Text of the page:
organic

Local, Organic and Fresh

Many restaurants are incorporating organic, local foods into their menus and enjoying increased sales and positive feedback from customers. Why can’t this happen in your establishment? The most common resistance I hear is, “we’re not that kind of place,” “my customers won’t go for that fancy stuff,” or “local/organic ingredients are too expensive.” I used to say all of those things but, in fairness, I was never shown the value that making such changes could bring to my food cost, my restaurant’s reputation, and my top-line sales.

Adding local/organic menu items doesn’t have to be a wholesale white-washing of a restaurant’s menu. Because local/organic has become so popular, it’s perfectly acceptable to insert menu items featuring these ingredients anywhere you wish. Michael Ty, CEC, AAC, and ACF national president states, “locally sourced food and a focus on sustainability is not just popular among certain segments of consumers anymore; it has become more mainstream.”

Remember when a salad meant iceberg lettuce? now you can get organic spring green salads in vending machines! And, due to increased supply and acreage of U.S. organic growing (almost 5 million acres in 2008, according to the USDA) the prices are coming down. The door is now open to everyone!

Clean Food is Purely Profitable:
“But why, Chef? Why go through the trouble? Isn’t it more expensive to buy the organic chicken, the organic vegetables, or grass-fed, anti-biotic and hormone-free beef?” Sometimes. But remember: restaurants profit on the sale, not the purchase. Increased portion cost can be more than made up by a slight increase in menu price as the market is willing to make up the difference. The end result is increased profit dollars in your pocket for selling essentially the same dish. A pan-roasted chicken breast with some potatoes and vegetables would normally command 10-13 dollars, but a free-range, organic, pan-roasted chicken breast with organic, roasted vegetables can net 14-18 dollars.

I’ve even seen it sell for 25 dollars in Syracuse! Why? Because the market is happy to pay more for something they deem as healthy, sustainable, and better for the environment. Bottom line: the customer sees value in it, and we need to charge for that value. You can further increase profits by reducing the portion size of ingredients like Esposito’s grass-fed beef, Indian Ridge’s Pure Country Beef (see page 22 for products), or farm-raised/sustainable seafood from Hopkins and Indian Ridge. Smaller portions are already in vogue, so you can present a natural item without giving it an exorbitant price tag. Slightly more expensive proteins can share center stage with thoughtfully prepared vegetables. Creative veggie presentations are the new center of the plate, and they’re helping to take the sting out of some higher commodity prices this year.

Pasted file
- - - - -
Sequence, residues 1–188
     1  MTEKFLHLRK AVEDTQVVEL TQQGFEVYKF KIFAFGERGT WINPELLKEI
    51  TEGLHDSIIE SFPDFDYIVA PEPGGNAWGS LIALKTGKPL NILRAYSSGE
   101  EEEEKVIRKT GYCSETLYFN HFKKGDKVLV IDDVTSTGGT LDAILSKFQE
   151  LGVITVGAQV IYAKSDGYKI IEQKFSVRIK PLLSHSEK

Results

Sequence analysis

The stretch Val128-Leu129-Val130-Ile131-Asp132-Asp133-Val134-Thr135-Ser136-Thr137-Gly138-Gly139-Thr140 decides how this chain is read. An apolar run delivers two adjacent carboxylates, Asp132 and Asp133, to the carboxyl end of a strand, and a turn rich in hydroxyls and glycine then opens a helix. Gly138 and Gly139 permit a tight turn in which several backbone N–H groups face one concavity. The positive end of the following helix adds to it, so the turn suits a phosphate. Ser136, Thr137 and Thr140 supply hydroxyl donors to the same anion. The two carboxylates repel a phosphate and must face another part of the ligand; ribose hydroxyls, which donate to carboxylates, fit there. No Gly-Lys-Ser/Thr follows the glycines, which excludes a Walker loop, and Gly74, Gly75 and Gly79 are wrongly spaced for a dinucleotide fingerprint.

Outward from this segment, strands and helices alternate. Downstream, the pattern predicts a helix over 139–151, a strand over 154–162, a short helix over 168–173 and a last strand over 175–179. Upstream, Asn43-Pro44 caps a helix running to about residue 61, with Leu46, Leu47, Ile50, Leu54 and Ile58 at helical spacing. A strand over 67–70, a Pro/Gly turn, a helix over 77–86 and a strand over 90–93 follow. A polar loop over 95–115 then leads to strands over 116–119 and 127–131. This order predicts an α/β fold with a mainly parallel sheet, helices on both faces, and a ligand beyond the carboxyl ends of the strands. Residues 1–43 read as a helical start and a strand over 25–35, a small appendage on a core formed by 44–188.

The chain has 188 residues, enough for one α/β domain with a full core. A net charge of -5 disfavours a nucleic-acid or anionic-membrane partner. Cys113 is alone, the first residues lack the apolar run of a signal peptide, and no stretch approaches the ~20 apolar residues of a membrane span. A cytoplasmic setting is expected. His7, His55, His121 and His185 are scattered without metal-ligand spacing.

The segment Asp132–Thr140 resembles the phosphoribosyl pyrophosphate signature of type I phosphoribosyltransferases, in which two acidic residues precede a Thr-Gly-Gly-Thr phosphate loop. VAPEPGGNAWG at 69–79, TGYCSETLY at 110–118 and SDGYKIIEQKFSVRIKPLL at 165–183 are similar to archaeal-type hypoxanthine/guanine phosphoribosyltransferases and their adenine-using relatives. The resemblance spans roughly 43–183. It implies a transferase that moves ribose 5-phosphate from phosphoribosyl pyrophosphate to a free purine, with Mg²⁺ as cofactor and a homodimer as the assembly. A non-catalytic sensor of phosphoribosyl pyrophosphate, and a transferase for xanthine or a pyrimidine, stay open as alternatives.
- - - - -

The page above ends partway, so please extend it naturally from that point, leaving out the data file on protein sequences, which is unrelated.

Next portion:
Pure Country Profits:
Think you’re not in the business of selling farm-raised Baramundi and grass-fed Black Angus? Well, have I got a story for you! I introduced the fresh Indian Ridge Pure Country Black Angus 8 ounce Beef Patties to a restaurant in Syracuse. They wanted to make a change to their burger menu, were searching for a hook, but didn’t want to isolate their market. They rolled out the special antibiotic and hormone-free burger menu, increased menu prices by 33%, and sold out of burgers the first weekend. The burgers were essentially the same, but with the increased perceived value, the sale was automatic. When given the option of a cleaner, healthier burger, they didn’t even look twice. For the first time this pub menu was a legitimate profit center!

Introducing organic, local and sustainable menu items can mean better profits, but there’s an even stronger upside. Who doesn’t want more thoughtfully produced food that was raised in ecologically-conscientious ways? It’s not just a trend, but a shift in the way our business thinks about doing business.Customers are demanding these types of items and we need to keep them happy or they will go somewhere else to find them. We strongly encourage you to try some organic/local items and if you have questions, don’t hesitate to engage your Maines Culinary Team. We are here to help you navigate the organic waters – and to help you become more profitable in doing so.

 

By Chef Eamon Lee, CEC